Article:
It was the time of the basketball card boom when a giant rookie from LSU entered the NBA. Nearly 25 years have passed and he’s now a retired legend of the game and a Hall of Fame nominee. He can still dunk (just ask Charles Barkley), but back then, Shaq rookie cards were sizzling in anticipation of a huge career to follow.
As he matriculated to the Orlando Magic in 1992, Shaquille O’Neal was expected to follow in the footsteps of Russell, Wilt, Kareem, Walton and Hakeem as a truly dominant NBA center. Reebok even made a commercial for Shaq with some of those legends where Shaq dunked and broke a backboard. Meanwhile, avid card collectors and opportunists were breaking open packs by the thousands, hoping to land one of his debut singles.
Upper Deck Shaq Rookie Cards
There are seven Shaq rookie cards and while they would have commanded a huge price in the early and mid-1990s, a collector can acquire all of them for the price of a dinner out. They are: 1992-93 Fleer #401, 1992-93 Ultra #328, 1992-93 Hoops #442, 1992-93 SkyBox #382, 1992-93 Stadium Club #247, 1992-93 Topps #362 and 1992-93 Upper Deck #1.
With its borderless design, the 1992-93 Upper Deck #1 can be hard to find in perfect condition and is generally considered his most desirable basic rookie card. With a dark, borderless design, any imperfections along the sides show up clearly, so while production levels were high for all card companies in 1992-93 the amount of graded, gem mint Shaq rookie cards up for sale is never large. According to PSA, 202 Shaq Upper Deck rookies have been graded at 10 and a check online shows them typically selling for around $300. Mint 9s, of course, are much, much less.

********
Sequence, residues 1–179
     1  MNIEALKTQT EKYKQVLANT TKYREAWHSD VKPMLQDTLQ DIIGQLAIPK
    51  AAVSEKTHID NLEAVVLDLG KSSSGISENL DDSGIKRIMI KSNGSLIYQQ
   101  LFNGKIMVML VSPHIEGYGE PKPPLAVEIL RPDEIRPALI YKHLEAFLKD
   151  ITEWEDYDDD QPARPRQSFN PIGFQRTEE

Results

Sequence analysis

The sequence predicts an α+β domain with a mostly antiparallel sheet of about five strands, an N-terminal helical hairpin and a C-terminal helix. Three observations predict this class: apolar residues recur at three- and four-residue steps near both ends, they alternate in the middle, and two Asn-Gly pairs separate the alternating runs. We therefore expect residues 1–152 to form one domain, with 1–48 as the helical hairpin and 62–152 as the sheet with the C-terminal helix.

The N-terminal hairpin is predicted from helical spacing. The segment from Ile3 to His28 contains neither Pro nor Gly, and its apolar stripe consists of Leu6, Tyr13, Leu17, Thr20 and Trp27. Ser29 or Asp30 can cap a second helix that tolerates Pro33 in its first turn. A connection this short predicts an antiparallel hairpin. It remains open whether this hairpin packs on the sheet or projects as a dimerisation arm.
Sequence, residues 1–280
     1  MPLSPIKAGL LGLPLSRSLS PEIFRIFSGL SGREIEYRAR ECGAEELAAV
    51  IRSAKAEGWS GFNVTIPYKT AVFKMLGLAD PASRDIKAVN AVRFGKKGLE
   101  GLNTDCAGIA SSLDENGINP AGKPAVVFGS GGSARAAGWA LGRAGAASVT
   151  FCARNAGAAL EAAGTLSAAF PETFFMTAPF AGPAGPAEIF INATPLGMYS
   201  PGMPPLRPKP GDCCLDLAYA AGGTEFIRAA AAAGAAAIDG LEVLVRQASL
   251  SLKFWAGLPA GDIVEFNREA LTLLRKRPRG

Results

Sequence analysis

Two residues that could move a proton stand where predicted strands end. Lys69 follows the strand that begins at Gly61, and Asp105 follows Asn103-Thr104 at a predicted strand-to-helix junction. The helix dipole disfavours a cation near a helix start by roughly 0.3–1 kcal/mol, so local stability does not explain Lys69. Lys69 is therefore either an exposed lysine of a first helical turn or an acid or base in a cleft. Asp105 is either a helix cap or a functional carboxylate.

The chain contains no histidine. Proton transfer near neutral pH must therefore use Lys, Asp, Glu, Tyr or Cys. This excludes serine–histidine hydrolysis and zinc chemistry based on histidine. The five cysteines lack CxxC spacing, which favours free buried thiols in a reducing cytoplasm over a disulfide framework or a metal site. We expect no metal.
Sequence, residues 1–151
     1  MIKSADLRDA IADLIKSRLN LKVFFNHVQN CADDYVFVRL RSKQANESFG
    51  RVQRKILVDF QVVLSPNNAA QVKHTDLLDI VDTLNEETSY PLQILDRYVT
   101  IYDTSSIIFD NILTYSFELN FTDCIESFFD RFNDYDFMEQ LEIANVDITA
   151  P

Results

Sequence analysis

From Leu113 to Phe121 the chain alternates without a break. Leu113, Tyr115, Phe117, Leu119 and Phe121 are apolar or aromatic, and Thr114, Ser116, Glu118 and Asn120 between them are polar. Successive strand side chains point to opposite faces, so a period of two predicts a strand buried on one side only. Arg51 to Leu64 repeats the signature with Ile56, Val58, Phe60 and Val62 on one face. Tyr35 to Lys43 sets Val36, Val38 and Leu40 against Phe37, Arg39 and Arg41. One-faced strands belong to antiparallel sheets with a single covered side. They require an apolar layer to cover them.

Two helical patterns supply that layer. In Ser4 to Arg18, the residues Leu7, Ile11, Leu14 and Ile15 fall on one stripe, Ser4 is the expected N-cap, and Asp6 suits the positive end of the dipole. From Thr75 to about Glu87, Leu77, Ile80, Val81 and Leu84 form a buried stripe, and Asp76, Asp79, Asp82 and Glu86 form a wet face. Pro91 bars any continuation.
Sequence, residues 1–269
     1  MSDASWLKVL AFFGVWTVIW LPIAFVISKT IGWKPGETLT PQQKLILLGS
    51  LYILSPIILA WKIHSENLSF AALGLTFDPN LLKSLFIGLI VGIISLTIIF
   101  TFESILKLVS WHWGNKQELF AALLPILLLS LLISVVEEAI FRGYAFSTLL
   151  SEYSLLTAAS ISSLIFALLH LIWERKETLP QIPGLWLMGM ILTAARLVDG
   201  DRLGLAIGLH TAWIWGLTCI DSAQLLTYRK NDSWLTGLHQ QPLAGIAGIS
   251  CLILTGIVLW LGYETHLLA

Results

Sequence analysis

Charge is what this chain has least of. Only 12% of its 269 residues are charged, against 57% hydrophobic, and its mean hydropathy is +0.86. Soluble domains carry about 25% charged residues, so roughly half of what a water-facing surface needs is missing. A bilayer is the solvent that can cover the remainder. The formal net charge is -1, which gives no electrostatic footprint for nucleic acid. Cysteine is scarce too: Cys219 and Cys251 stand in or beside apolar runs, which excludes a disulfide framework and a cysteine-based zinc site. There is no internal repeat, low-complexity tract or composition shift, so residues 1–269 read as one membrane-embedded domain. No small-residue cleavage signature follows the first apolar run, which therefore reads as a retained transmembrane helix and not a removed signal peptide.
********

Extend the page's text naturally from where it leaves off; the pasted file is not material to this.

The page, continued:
While all of the ’92-93 Upper Deck rookies were borderless, unlike the rest of the set, the O’Neal rookie’s unique time-lapse exposure type photo on the front definitely made it stand out. The O’Neal card was also considered to be SP, short printed, back then which made it the card everyone wanted to find. An Upper Deck promotion allowed collectors to trade a redemption card (#1A) for another version of Shaq’s rookie card (#1B) which was the same as his standard Upper Deck rookie but simply said “Trade Card” on the top.
Upper Deck used the same design for international card releases which came out after the season. These can be spotted by a white border on the front as well as a different language on the back.
Topps, Fleer, Hoops and More
Topps had been out of the NBA card business for a decade when they returned just as Shaq appeared. He’s card #362, manhandling the Timberwolves in the paint. There’s also a Gold Parallel version that was a pack insert.
Topps Stadium Club–a fresh new brand back then–had a borderless photo while the back had The Sporting News Skills Rating System. For that, Shaq got a 3.3 for shooting range and a 4.7 for “intimidation.” There’s also a Member’s Only parallel version.
Fleer added a new product that season. Ultra was something that collectors at the time considered a “premium” product, a step up from the regular Fleer brand. The Ultra rookie has one picture of Shaq on the front, shooting in the paint against the Kings, and two pictures on the back.